Seed Travels  

Adapted from "Scholastic News," February 1993.

Scattering Seeds

Imagine you're a plant and you're about to drop your seeds. Wherever one hits the ground, a new plant will grow.

Think: do you want your seeds to fall close to you — or far away? (Hint: all plants need soil, water, sunlight, and space to grow. Will your sprouting seeds get more of these if they're bunched together or far apart?) If you're like most plants, you want to scatter your seeds around. But how? (After all, as a plant, you're rooted to the spot.) Test your seed-sending skills with these experiments.

Seed Sources

Look for seeds in these places:

  • Supermarket shelves: Dried beans and popcorn are seeds. So are nuts like pecans.

  • Gardening sections: Look for packets of planting seeds.

  • Inside fruits: Collect ripe apples, oranges, cantaloupes, pumpkins, bell peppers, etc. Cut the fruits open and carefully remove the seeds. Wash the seeds and spread them on a paper towel. Let them dry on a sunny windowsill for two days.

  • Schoolyard: Just look around! If you don't see any try this: Pull on an old sock over your shoe. Walk in a grassy or wooded area for five minutes. Remove the sock carefully and check it for tiny seeds.

Motion Detectors

Think: How do seeds travel?

    1. Gather five seeds of different sizes and shapes.

    2. Describe your seeds on a chart.

    3. Next to each seed description, predict whether that seed could travel by wind, water, or hitchhiking.

    4. Try out your predictions using the tests below. Record your answers on the chart.

  • Wind Test: With an adult's help, stand a fan on a chair so that the top half sticks over your desk. Use tape to make a starting line 25 cm (10 in.) away from the fan. Place seeds on the starting line. Turn the fan on at medium speed for 20 seconds. Measure how far your seeds traveled. A seed passes the Wind Test if it blows more than 1 m (40 in.) away from the line.

  • Water Test: Fill a small container half full of water. Drop the seeds into the water and stir. A seed passes the Water Test if it floats.

  • Hitchhiker Test: Place a seed on a table and cover it with one test material. Gently press down on the material with your palm. Lift and check -- does the seed stick to the material? Repeat with two other test materials. A seed passes the Hitchhiker Test if it sticks to any test material.

    Wrap-up: Were you surprised by any of the ways your seeds could travel? Look at the seeds that passed the Wind Test. How are they similar? (Hint: Are they all small? Big? Do they have the same shape?) How are these seeds different? What do the floating seeds have in common? How about the hitchhiking seeds?

    Wind Rider

    Think: What helps a seed travel in the wind?

    1. Choose a seed that did not pass the Wind Test. Find a second seed of the same kind and size to be your control seed.

    2. How can you change your seed so that it could travel in the wind? Brainstorm a list of ideas. (Hint: What do the best wind-traveling seeds have in common?) Think about the seed's:

  • shape

  • density (how heavy something is compared to its size)

  • what else?

    3. Choose one idea from your list. Make that change to your seed.

    4. Give both your changed seed and your control seed the Wind Test. Which moves farther?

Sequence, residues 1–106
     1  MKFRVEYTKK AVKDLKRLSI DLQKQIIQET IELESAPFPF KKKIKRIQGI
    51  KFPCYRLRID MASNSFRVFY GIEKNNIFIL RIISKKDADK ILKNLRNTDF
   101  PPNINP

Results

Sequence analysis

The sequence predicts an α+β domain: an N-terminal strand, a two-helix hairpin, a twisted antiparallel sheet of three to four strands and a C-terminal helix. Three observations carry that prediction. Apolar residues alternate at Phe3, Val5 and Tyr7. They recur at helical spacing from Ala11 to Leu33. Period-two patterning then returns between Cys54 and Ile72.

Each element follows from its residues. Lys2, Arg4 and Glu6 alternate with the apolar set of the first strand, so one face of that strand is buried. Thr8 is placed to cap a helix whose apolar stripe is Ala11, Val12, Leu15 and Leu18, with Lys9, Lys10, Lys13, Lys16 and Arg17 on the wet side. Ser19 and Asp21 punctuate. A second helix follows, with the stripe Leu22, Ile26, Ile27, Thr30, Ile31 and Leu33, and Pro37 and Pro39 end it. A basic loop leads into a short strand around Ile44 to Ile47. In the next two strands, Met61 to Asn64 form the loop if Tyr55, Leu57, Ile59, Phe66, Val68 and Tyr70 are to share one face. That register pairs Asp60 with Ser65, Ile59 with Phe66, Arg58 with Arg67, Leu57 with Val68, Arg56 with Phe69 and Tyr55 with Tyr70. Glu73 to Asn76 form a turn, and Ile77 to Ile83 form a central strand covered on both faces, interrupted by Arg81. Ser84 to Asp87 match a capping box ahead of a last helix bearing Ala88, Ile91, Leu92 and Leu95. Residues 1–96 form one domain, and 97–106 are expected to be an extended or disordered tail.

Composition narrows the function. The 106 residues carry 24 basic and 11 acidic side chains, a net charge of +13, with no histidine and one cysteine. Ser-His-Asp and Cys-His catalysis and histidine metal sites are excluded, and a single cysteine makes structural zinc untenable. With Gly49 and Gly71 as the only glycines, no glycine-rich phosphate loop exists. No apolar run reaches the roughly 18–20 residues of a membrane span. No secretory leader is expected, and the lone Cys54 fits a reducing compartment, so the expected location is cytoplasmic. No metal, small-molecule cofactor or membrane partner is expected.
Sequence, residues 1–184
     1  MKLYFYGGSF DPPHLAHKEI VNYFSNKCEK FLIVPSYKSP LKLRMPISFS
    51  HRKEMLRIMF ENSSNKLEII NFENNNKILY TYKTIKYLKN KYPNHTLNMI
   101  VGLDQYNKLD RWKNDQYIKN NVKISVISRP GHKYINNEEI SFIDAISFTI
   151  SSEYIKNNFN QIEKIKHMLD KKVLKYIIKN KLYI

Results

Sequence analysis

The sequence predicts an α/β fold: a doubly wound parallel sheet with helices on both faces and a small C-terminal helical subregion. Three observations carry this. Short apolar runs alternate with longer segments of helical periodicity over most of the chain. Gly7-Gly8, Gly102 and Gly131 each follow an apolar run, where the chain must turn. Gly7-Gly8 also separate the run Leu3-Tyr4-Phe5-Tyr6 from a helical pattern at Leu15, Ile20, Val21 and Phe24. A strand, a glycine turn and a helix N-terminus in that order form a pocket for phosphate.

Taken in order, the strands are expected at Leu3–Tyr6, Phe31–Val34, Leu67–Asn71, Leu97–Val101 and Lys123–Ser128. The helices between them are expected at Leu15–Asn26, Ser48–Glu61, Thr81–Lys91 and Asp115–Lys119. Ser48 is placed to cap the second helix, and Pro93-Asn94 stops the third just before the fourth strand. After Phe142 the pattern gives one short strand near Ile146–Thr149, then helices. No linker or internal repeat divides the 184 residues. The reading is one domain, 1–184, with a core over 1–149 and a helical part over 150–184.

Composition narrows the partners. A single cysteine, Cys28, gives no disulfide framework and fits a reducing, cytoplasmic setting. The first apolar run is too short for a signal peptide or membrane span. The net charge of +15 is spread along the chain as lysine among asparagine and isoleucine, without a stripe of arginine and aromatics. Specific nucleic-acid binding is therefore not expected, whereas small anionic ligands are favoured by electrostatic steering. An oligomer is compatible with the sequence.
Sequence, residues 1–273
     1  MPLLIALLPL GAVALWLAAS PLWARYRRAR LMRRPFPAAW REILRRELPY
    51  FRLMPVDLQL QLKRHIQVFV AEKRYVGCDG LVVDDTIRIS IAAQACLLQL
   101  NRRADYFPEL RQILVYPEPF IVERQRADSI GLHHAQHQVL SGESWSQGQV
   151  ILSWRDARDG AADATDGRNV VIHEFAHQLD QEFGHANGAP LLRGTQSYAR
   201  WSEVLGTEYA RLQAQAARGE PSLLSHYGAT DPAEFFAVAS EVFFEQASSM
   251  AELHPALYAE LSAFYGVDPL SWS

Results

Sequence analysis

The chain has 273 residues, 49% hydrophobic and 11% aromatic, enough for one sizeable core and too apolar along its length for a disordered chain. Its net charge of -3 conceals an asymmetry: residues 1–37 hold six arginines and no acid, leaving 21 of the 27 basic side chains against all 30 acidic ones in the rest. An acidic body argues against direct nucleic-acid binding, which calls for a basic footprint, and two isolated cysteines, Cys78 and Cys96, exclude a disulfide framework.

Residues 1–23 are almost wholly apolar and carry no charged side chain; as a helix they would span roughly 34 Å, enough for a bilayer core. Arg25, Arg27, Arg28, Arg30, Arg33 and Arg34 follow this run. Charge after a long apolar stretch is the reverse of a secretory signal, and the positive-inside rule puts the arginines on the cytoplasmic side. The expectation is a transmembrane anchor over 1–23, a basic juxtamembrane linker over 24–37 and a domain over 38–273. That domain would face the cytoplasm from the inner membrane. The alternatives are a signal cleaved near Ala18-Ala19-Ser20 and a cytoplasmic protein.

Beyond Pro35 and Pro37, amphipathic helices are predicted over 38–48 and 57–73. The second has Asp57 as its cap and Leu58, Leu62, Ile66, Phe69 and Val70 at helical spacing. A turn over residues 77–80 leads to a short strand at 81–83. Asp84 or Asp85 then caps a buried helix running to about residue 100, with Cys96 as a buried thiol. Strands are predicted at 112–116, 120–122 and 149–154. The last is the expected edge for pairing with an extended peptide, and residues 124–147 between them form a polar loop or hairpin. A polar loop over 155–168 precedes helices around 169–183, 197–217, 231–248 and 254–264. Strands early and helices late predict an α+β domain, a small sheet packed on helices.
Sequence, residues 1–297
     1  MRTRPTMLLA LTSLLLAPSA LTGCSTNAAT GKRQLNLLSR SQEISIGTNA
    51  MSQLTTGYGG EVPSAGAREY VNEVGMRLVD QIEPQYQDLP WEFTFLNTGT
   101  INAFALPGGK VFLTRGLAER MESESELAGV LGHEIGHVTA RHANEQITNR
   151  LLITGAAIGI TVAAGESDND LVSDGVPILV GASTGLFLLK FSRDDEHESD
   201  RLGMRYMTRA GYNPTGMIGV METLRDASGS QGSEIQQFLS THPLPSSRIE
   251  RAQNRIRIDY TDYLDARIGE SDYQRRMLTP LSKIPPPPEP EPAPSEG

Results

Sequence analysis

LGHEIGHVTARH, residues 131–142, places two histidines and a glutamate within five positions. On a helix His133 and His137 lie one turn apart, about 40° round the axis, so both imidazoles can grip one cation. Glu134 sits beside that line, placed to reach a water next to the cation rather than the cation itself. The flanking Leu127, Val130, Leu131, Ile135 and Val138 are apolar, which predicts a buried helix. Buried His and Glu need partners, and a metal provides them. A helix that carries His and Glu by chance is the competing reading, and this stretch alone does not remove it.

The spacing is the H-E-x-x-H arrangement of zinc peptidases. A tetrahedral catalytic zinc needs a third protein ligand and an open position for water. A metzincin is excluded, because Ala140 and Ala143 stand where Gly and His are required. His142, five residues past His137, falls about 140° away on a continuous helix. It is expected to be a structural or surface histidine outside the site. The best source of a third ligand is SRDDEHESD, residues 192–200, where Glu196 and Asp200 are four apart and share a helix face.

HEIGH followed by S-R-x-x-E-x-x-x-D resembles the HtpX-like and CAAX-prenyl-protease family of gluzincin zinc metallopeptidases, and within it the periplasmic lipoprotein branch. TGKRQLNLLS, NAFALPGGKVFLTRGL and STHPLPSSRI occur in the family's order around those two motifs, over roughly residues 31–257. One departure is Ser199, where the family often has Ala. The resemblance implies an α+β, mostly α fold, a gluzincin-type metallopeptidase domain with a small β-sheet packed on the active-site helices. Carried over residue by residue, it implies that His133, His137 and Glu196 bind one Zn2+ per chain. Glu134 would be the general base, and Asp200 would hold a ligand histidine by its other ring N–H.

• If the control seed moves farther: Undo the change on your other seed. (That will make both seeds the same.) Pick a different idea from your list to test.

  • If the changed seed moves farther: Your change is a success! Add it to your control seed too. Then make a new change to your winning seed.

    5. Repeat step 4 until your changed seed passes the Wind Test.

    Wrap-up: Compare your seed design to others in the class. What do they have in common? What change seemed to help our seed the most? Which helped it the least?

    Bonus: Combine the best ideas in your class to design a seed that's a champion wind traveler.

Adapt-a-seed

Think: Will a seed travel just as well in any environment? Why or why not?

    1. Choose a seed to adapt. Find a control seed that matches it.

    2. Read your Environment Card. What are some ways a seed might travel in your environment? How couldn't a seed travel there?

    3. Brainstorm changes that might help your seed travel in its environment. (Remember: Your seed has to pass both tests on your Environment Card.)

    4. Choose one idea from your list. Make that change to your seed.

    5. Put your seed (and the control seed) through both of the tests listed on your card. How well do they do?

  • If the control seed is better at both: Undo the change on your other seed. (That will make both seeds the same.) Pick a different idea from your list to test.

  • If the changed seed is better at both: Your change is a success! Add it to your control seed too. Then make a new change to your winning seed.

  • If there's no clear winner: Did each seed win in one test? Then the next step is up to you. Decide which seed design you think holds the most promise. (Keep a sketch of the other design. Scientists sometimes hit a dead end, and have to go back to an earlier design.) Give both seeds the design you like. Then make a new change to one seed.

    6. Repeat step 5 until you have a seed you know will succeed in your environment.

    7. Draw a diagram of your seed, label the materials you used to adapt your seed, and explain how your seed can disperse (scatter) in your environment.

    Wrap-up: Compare your seed with others from your class. Can you guess which seeds share the same environment as yours? Switch Environment Cards with another group. How would your seed do in this new environment?

    Bonus: Describe the environmental conditions of your schoolyard. (Is there much wind? Do many animals visit?) Design a seed that could travel easily in your schoolyard.



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